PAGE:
2

Code:

//a.c   I don't use header files as this is just for demo purpose.
extern void function_b(int num);
void function_a(int num) {
   function_b(num)
}
//b.c
void function_b(int num) {
   ...
}
//dll.c 
#include <dlfcn.h>
int main() {
   void *handle_a;
   void *handle_b;
   void (*pfunc_a)(int);
   ...
   handle_a = dlopen("./a.so", RTLD_LAZY);
   ...
   pfunc_a = dlsym(handle_a, "function_a");
   ...
   handle_b = dlopen("./b.so", RTLD_GLOBAL);
   ...
   pfunc_a(2020);
   ...
   return 0;
}

We can see that dll.c tries to load shared library in run time and module a has a reference on function_b and module b has the definition of function_b. Let's say we have already created shared libraries a.so, and b.so so those shared libraries exist on disk before the program runs, but when I run the program, it throws an symbol lookup error:

./a.so:undefined symbol: function_b

but for this line of code handle_a = dlopen("./a.so", RTLD_LAZY); since I use RTLD_LAZY here, the runtime linker doesn't try to resolve the symbol function_b, and there's an opportunity for me to call dlopen("b.so", RTLD_GLOBAL) before calling function_a. This way the dynamic linker will modify the reference in a.so with the definition of function_b in b.so.

My questions are:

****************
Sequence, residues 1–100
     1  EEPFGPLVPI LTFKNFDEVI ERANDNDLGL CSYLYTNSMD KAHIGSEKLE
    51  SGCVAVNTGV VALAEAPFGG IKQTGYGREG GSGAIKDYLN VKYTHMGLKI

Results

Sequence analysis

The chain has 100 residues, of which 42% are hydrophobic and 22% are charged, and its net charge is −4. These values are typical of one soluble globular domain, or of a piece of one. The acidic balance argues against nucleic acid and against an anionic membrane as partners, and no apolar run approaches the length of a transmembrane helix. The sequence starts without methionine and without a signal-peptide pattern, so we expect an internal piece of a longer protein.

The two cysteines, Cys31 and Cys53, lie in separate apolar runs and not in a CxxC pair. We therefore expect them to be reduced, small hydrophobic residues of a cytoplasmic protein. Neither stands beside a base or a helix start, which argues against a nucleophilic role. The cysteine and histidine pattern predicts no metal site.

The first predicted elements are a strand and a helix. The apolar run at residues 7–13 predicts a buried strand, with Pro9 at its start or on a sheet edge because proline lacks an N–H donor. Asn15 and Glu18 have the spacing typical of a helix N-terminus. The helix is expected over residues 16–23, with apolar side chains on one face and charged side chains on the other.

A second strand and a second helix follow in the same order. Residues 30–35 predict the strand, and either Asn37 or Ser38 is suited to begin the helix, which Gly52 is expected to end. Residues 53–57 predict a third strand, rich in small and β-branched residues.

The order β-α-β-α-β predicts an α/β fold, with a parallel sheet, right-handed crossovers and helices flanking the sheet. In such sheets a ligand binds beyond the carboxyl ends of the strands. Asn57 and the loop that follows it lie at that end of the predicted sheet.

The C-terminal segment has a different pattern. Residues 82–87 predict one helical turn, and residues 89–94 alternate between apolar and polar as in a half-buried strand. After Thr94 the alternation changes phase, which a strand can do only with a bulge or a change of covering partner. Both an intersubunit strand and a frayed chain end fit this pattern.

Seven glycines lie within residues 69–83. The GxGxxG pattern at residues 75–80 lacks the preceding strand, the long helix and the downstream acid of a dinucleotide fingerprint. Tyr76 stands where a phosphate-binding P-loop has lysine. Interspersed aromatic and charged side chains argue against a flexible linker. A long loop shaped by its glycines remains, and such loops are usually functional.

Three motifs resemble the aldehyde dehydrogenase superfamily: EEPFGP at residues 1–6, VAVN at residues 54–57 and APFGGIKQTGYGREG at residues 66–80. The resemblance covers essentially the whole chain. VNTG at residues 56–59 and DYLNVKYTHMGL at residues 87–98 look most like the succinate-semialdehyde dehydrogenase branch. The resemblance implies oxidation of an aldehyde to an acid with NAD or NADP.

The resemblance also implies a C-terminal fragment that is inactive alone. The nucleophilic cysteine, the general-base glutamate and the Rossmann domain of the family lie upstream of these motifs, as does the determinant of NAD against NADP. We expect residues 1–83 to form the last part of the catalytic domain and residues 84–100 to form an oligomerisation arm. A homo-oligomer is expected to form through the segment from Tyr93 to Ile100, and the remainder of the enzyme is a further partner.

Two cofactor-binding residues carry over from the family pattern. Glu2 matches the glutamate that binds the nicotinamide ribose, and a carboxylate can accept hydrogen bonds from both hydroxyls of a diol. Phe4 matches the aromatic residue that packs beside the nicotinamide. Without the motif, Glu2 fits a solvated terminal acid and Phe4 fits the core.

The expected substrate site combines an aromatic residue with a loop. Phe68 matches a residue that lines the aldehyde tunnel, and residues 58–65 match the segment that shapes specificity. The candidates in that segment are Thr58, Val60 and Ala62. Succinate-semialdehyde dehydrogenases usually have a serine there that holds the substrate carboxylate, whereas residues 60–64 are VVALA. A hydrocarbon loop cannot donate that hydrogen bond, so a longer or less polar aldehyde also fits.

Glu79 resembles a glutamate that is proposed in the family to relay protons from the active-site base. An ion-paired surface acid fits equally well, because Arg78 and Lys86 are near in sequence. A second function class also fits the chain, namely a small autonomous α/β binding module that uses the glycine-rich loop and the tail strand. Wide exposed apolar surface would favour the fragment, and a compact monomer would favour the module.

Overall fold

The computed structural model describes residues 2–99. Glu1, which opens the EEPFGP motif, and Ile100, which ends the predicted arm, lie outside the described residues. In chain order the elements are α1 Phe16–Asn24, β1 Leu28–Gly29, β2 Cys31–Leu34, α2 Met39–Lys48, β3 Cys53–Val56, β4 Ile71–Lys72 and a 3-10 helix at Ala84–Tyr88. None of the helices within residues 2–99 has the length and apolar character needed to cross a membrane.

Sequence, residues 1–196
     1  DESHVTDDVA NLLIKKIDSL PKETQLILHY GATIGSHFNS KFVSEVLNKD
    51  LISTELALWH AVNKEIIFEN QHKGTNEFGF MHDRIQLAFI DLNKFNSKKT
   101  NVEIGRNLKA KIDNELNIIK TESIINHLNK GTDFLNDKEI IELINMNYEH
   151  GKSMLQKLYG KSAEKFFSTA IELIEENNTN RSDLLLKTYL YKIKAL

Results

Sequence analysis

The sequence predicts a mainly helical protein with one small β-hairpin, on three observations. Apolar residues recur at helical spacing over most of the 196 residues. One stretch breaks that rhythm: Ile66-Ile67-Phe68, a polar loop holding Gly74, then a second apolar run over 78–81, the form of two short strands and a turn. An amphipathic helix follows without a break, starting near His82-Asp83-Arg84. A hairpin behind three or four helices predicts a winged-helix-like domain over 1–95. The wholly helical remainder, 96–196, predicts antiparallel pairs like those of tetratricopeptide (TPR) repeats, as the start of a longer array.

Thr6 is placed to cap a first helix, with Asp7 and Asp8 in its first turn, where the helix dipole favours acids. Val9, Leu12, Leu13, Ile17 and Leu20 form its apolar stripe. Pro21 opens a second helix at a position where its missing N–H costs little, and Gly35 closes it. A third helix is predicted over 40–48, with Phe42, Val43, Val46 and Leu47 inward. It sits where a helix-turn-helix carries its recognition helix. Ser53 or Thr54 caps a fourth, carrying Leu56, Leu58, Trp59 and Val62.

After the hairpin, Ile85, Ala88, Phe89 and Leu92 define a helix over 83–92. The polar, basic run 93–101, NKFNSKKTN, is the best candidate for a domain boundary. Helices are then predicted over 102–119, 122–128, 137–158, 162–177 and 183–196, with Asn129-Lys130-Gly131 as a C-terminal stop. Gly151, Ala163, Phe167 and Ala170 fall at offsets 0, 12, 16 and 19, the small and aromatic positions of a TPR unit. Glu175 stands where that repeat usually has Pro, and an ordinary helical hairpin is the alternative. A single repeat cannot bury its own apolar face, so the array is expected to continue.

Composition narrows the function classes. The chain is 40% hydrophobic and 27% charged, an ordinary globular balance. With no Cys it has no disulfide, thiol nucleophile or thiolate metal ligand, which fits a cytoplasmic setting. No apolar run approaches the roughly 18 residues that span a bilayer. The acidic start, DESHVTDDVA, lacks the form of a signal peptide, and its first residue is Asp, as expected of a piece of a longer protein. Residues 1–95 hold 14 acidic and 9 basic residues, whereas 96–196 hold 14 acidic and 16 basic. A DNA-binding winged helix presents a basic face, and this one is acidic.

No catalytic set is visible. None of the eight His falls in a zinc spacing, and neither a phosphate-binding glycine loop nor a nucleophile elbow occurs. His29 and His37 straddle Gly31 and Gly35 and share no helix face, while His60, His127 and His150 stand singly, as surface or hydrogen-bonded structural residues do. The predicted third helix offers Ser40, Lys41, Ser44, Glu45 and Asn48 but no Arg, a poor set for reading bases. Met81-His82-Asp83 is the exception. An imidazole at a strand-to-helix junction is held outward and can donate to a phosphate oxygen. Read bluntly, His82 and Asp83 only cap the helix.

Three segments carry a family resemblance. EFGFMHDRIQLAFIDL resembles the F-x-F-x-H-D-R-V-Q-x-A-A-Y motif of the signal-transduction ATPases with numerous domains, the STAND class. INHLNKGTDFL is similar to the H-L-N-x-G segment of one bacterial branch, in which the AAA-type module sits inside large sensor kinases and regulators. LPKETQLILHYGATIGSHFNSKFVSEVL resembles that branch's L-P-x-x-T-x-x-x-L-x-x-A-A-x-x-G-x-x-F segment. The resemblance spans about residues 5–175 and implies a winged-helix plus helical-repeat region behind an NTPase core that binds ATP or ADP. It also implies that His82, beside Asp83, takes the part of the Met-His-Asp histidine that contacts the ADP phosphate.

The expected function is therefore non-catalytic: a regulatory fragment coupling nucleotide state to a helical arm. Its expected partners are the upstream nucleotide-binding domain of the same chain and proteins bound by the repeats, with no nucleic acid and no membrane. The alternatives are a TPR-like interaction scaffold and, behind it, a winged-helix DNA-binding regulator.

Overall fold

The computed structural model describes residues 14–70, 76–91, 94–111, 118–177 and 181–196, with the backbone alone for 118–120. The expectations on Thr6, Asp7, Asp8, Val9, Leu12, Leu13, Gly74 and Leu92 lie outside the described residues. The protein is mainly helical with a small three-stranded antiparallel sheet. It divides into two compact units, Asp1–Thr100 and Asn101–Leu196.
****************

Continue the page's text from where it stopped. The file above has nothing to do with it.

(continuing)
• Is my understanding correct that the dynamic linker is supposed to modify the .got or .got.plt section of a.so so that it can be linked/relocated to the instruction address of function_b in the .text section of b.so.

  • If my understanding is correct, then why couldn't the dynamic linker still resolve function_b in this case?

1

1 Answer 1

3

The problem isn’t that the dynamic linker can’t resolve function_b, it’s that your second call to dlopen is incorrect: you need to include either RTLD_LAZY or RTLD_NOW, the other flags are complementary to those two.

One of the following two values must be included in flags:

Changing your b.so load to

handle_b = dlopen("./b.so", RTLD_NOW | RTLD_GLOBAL);

produces a working program.

Every call to dlopen must choose between RTLD_LAZY and RTLD_NOW; since b.so is the last library loaded, I specified NOW above (we don’t gain anything by lazy-loading), but LAZY works just as well in this instance. On top of that, other flags can be added; here we need RTLD_GLOBAL because we need b.so’s symbols to be made available globally, so that function_a can find function_b when it runs.

See the examples in dlopen(3) for details of the error-handling you need to do with dlopen etc., which reveals the problem.

3
  • Thank you for your answer. could you explain a little bit more , why RTLD_NOW | RTLD_GLOBAL is needed?
    – slowjams
    Sep 3, 2020 at 14:30
  • @StephenKitt so the definition of RTLD_NOW: all undefined symbols in the shared object are resolved before dlopen() returns. But my b.so doesn't have any undefined symbols, why it still need to be loaded it with RTLD_NOW?
    – amjad
    Sep 4, 2020 at 0:42
  • 1
    Because dlopen requires you to specify LAZY or NOW. If you don’t, it fails with an “invalid flags” error. Try adding error-handling to your example and you’ll see. Sep 4, 2020 at 4:35

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